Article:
We are not born into a savage wilderness but into a beautiful mansion of the Lord that the Lord and those who have gone before us have built. We must avoid neglecting that mansion but rather glorify and preserve it—as we should all of the Lord’s Creation. The superb Baumgarten has outlined the authentic trinity as “Truth,” “Beauty,” and “Good.” “Truth” is the perfect perceived by reason; “Beauty,” by the senses; and the “Good” by moral will.
What defence can these fine sentiments provide against the cunning of a clever woman? Lady Susan’s demand for unquestioning obedience and secrecy from Frederica on the basis of a false biblicism corresponds to the authoritarian, crippling pretensions of Catholicism. Eventually, however, her hypocrisy as well as her cruelty to her own child open the eyes of the deluded youth. When at last Protestantism is freed from the alluring snares of the temptress, it reassumes its rightful role in society; and so Reginald is welcomed back into the household (of the faith) and thus restored can rescue Frederica from her unnatural mother. Their marriage brings the young woman into a new family, where her true worth can be recognized and rewarded. In the closing scene, the bridegroom describes his bride:
Blest tho’ she is with ev’ry human grace,
The mien engaging, and bewitching face;
Yet still an higher beauty is her care,
Virtue, the charm that most adorns the fair;
Long may they those exalted pleasure prove
That spring from worth, constancy and love.
Daniel Callam, C.S.B.
 Metropolitan, Barcelona and The Last Days of Disco were reviewed in The Chesterton Review, vol. XXXVI (2010) 171-181; Damsels in Distress in vol. XXXXVIII (2012) 181-85.
 Jane Austen, Mansfield Park, chapter 4.
 Having skipped kindergarten, Thor, despite his name, had never been able to name the colours of the rainbow.
 Whit Stillman, The Last Days of Disco, With Cocktails at Petrossian Afterwards (Farrar, Straus and Giroux: New York, 2000); Whit Stillman, Love & Friendship in Which Jane Austen’s Lady Susan Vernon is Entirely Vindicated (Little, Brown and Company: New York, 2016). Quotations in the text, unless otherwise identified, have been taken from the novel.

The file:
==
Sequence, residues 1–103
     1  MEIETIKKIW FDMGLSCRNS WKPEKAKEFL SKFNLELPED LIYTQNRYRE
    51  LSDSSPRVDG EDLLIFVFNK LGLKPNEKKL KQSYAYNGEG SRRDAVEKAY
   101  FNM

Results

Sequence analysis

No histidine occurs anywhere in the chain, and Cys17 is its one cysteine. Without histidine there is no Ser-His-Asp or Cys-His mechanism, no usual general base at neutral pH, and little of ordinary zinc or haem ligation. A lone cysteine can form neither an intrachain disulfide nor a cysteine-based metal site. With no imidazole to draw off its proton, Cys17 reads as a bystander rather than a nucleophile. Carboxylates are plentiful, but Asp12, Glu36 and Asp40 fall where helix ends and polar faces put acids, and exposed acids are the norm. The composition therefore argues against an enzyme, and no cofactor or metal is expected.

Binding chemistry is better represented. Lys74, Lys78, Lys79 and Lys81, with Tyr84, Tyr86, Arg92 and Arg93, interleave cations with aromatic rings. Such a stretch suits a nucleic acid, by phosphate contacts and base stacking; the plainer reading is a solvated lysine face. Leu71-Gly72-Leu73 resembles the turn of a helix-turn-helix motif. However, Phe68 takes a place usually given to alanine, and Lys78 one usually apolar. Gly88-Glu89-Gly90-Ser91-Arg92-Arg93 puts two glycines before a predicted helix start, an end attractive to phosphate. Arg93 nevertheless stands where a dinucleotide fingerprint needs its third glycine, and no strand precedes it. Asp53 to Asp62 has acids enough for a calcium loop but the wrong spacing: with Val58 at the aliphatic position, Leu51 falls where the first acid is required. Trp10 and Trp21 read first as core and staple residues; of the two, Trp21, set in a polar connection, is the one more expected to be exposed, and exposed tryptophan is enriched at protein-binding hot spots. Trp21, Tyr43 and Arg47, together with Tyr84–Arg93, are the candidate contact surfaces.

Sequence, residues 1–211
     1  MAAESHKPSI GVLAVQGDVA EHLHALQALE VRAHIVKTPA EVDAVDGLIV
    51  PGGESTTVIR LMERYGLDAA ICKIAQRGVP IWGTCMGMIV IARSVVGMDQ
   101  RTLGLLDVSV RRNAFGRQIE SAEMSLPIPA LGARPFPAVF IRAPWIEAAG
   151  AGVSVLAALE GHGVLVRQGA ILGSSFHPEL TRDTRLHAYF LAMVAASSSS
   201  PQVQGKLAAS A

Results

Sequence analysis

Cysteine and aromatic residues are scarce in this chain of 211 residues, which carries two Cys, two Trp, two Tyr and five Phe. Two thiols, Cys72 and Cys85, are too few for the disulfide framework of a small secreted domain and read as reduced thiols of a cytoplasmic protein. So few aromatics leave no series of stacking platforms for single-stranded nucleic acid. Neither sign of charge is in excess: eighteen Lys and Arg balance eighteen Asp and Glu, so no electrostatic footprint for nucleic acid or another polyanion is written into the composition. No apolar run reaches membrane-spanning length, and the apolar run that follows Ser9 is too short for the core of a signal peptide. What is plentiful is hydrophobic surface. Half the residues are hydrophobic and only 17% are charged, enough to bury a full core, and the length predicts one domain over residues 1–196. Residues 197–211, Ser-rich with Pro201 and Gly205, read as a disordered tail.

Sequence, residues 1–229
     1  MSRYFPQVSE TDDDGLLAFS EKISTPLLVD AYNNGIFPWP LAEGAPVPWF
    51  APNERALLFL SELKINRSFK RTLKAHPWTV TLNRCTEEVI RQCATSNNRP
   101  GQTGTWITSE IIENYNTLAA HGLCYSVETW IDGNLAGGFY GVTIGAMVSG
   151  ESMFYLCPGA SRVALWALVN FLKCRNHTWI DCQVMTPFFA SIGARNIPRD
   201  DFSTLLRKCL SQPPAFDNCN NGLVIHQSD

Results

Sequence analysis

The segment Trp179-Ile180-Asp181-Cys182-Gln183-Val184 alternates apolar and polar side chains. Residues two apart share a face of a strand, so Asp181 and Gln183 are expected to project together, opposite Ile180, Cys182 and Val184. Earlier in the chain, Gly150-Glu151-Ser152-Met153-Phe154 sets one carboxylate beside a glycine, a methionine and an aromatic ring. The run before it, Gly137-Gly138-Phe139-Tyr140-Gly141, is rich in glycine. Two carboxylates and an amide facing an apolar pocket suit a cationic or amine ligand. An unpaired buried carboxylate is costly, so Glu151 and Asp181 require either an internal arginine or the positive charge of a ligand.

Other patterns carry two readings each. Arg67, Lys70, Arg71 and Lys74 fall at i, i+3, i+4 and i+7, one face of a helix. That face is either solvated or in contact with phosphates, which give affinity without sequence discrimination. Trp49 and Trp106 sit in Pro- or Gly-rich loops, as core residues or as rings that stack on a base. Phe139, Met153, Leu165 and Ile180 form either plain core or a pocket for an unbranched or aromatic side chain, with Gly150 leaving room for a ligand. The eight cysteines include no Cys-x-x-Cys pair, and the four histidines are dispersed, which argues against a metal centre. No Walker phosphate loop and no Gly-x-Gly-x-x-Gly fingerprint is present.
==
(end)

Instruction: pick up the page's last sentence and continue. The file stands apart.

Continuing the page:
Jane Austen, Love and Freindship and Other Youthful Writings, edited by Christine Alexander (Penguin/Random House: London, 2015).
 Available at https://www.youtube.com/watch?v=EVzx35RbWPg.
 E.g.: “Jean Calvin. . . His Institutes of the Christian Religion (1536) is undoubtedly the greatest work of theological thought, of this millennium, at least.” Whit Stillman, Love & Friendship in Which Jane Austen’s Lady Susan Vernon is Entirely Vindicated (Little, Brown and Company: New York, 2016), p. 102.
 Jane Austen, Letters, 1796 – 1817, edited by R.W. Chapman, The World’s Classics 549 (London: Oxford University Press, 1955), p. 143. Jane Austen as a devout Anglican may have favoured Protestantism, but her moral principles came from the pages of the Catholic Book of Common Prayer, thus representing the two strains of Anglicanism: the Reformed and the Anglo-Catholic; cf. Daniel Callam, C.S.B., “Jane Austen’s Catholic Sensibility” in Mapping the Catholic Cultural Landscape, edited by Paula Jean Miller, F.S.E., and Richard Fossey (New York: Sheed and Ward, 2004), pp. 9-18.
 A parallel with Mozart’s Die Zauberflöte suggests itself, in that the Queen of the Night is taken as a symbol of the Catholic Church.
 The poem was originally published in the Massachusetts Gazette on 20 June 1774.